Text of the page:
Skip Navigation


Protection from a pathogen's initial invasion is achieved via passive defences, such as physical and/or chemical barriers.

Physical barriers largely involve properties of the plant surface, that is, the cuticle, stomata and cell walls. Pathogens produce a range of cutin-degrading enzymes, which are often crucial to the successful penetration of the plant tissue. The thickness of the cuticle, the presence of secondary cell wall, and the size of stomatal pores can all affect the success with which a pathogen invades a host. Some plants invest in very thick walls and/or cuticles, and bark (where present) can also provide a physical impediment to infection. The vertical orientation of leaves can also add to plant resistance, by preventing the formation of moisture films of the leaf surfaces, inhibiting infection by pathogens reliant on water for motility.

Chemical barriers include compounds, such as "phytoanticipins", that have antimicrobial activity and compounds that affect the vectors of plant viruses. Phenols and quinones are two classes of antimicrobial compounds produced by some plants  Inhibiting compounds may be excreted into the external environment, accumulate in dead cells or be sequestered into vacuoles in an inactive form. The young fruit of numerous plants (e.g. mangoes, avocado) contain antifungal or antimicrobial compounds that are gradually metabolised during fruit ripening, making unripe fruit less susceptible to disease than ripe fruit. Lactones, cyanogenic glucosides, saponins, terpenoids, stilbenes and tannins are also plant-produced compounds associated with pathogen resistance. Saponins are a class of phytoanticipins that destroy membrane integrity in saponin-sensitive parasites, and which are stored in an inactive form in the vacuoles of the plant cell, becoming active when hydrolase enzymes are released following wounding or infection. Some pathogens are able to release enzymes that detoxify plant saponins, making them insensitive to this line of defence. Conversely, resistance of some plants to specific pathogens is the result of an insensitivity to pathogen-produced host specific toxins. Resistance genes may encode an enzyme that converts the toxin into a non-toxic derivative or the absence of a receptor to the toxin. Another group of defensive compounds are the plant defensins, which interfere with pathogen nutrition and retard their development. Secreted defensins can create an antimicrobial microenvironment for germinating seeds and accumulated defensins can provide defence against insect-transmitted viruses in flowers, leaves and tubers. There are also proteins, both constitutive and induced that play a role in plant defence.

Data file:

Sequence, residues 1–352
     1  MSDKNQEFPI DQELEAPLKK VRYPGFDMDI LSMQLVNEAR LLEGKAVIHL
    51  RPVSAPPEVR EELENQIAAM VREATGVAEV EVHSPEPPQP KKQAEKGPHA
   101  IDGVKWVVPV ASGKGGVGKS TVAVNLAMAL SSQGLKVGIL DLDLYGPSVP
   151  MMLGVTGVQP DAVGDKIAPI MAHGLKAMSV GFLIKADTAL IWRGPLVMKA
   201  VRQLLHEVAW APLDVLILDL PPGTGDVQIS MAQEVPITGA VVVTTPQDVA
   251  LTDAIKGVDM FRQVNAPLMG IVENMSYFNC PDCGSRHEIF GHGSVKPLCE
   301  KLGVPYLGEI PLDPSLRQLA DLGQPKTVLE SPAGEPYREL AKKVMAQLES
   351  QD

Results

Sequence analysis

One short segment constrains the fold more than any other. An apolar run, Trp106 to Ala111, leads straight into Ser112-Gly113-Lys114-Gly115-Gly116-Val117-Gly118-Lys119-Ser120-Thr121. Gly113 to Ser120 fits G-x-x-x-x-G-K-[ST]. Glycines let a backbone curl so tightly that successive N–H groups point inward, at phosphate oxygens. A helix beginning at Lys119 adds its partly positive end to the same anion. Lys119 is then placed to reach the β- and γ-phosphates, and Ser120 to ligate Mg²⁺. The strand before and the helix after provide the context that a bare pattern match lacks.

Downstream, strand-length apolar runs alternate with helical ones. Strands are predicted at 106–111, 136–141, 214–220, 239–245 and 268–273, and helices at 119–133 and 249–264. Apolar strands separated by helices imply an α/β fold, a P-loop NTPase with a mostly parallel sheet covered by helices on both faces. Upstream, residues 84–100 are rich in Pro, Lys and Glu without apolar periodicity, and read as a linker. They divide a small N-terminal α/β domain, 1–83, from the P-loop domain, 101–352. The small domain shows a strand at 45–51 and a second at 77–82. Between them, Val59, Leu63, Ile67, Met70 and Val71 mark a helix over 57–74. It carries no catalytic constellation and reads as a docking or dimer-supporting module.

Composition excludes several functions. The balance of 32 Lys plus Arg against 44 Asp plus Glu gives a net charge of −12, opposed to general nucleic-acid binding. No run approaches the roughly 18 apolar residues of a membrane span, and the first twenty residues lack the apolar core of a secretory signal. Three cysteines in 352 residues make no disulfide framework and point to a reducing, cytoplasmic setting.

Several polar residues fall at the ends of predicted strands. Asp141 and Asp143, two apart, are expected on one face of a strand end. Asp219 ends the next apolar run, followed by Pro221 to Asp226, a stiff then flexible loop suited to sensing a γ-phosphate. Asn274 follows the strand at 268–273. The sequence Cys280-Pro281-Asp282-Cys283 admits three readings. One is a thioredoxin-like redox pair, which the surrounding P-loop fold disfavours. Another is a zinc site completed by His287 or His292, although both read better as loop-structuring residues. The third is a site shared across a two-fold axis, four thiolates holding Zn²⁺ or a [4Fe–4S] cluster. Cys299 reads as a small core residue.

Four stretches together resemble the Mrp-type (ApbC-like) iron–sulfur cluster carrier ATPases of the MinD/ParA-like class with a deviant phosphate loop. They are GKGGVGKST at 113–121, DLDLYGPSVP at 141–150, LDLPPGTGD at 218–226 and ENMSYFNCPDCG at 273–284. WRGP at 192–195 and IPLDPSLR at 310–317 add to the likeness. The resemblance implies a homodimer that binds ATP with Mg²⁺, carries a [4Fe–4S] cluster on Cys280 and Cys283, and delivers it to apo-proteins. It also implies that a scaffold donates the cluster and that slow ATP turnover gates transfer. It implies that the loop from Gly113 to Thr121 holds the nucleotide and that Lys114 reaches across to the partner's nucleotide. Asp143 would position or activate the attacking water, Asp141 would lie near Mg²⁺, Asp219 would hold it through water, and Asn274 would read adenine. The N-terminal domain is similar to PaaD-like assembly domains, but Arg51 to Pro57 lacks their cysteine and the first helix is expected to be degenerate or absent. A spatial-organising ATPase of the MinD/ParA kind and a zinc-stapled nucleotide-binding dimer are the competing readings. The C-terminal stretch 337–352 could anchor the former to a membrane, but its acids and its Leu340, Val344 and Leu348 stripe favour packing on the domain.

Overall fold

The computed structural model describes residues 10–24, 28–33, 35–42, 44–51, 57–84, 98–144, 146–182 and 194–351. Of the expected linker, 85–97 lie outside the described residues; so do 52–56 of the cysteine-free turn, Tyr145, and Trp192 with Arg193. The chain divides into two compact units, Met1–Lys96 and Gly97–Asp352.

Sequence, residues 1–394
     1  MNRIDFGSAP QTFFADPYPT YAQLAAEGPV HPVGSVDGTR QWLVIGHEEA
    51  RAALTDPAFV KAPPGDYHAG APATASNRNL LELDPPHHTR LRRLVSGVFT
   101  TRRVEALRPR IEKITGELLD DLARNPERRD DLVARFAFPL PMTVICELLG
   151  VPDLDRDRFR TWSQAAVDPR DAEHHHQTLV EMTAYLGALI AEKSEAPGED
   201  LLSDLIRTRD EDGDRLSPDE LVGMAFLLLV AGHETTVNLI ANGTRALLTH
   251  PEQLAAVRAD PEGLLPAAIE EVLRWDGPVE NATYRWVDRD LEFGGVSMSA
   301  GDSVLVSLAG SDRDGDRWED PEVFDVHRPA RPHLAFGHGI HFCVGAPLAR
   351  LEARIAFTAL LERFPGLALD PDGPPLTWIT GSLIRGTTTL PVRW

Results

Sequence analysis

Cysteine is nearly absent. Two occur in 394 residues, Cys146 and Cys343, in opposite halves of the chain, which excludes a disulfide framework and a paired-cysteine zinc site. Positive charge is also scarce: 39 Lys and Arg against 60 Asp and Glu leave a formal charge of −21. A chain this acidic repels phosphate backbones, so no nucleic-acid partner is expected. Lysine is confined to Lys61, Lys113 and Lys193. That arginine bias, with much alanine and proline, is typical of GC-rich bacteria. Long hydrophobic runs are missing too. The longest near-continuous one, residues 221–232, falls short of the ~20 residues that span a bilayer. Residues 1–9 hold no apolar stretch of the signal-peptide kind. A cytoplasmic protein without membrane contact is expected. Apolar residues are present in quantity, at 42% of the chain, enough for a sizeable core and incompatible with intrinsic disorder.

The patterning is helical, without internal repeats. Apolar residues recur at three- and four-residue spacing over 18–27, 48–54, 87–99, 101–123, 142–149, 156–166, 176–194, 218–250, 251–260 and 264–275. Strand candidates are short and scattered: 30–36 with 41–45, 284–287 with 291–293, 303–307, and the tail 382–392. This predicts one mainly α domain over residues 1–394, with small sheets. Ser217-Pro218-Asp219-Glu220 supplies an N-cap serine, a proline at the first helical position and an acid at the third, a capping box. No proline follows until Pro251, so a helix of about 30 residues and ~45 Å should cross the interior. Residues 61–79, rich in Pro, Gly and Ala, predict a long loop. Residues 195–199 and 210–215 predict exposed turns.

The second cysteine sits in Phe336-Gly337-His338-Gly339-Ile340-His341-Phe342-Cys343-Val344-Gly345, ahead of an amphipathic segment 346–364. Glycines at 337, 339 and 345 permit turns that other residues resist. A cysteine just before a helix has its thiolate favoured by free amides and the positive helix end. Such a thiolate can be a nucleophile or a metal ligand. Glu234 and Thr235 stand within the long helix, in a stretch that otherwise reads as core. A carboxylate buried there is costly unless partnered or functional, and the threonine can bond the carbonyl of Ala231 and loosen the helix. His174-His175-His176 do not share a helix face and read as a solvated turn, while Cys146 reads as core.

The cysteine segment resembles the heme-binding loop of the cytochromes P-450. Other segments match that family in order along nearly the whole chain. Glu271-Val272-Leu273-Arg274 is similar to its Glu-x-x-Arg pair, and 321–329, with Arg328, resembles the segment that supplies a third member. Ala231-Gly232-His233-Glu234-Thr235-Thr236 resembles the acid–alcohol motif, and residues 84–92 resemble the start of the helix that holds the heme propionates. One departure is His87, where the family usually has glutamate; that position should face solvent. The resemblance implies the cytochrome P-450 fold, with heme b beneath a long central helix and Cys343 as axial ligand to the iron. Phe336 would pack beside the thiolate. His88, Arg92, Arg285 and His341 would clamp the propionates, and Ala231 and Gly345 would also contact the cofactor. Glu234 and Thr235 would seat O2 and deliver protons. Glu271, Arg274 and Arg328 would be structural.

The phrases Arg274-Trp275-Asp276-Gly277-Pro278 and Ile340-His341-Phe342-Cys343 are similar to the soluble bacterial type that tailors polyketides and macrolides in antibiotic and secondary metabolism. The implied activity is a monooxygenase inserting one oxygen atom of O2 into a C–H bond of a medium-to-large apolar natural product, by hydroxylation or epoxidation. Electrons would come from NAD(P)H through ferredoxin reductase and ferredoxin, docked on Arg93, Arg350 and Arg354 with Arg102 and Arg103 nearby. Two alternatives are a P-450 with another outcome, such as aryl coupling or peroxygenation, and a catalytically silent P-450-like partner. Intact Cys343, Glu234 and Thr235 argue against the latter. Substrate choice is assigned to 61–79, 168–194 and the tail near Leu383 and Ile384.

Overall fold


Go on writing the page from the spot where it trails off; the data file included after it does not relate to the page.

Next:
Copyright © University of Sydney. Last updated December, 2003. Site construction and maintenance: eResources Unit. Email us here with your comments and feedback.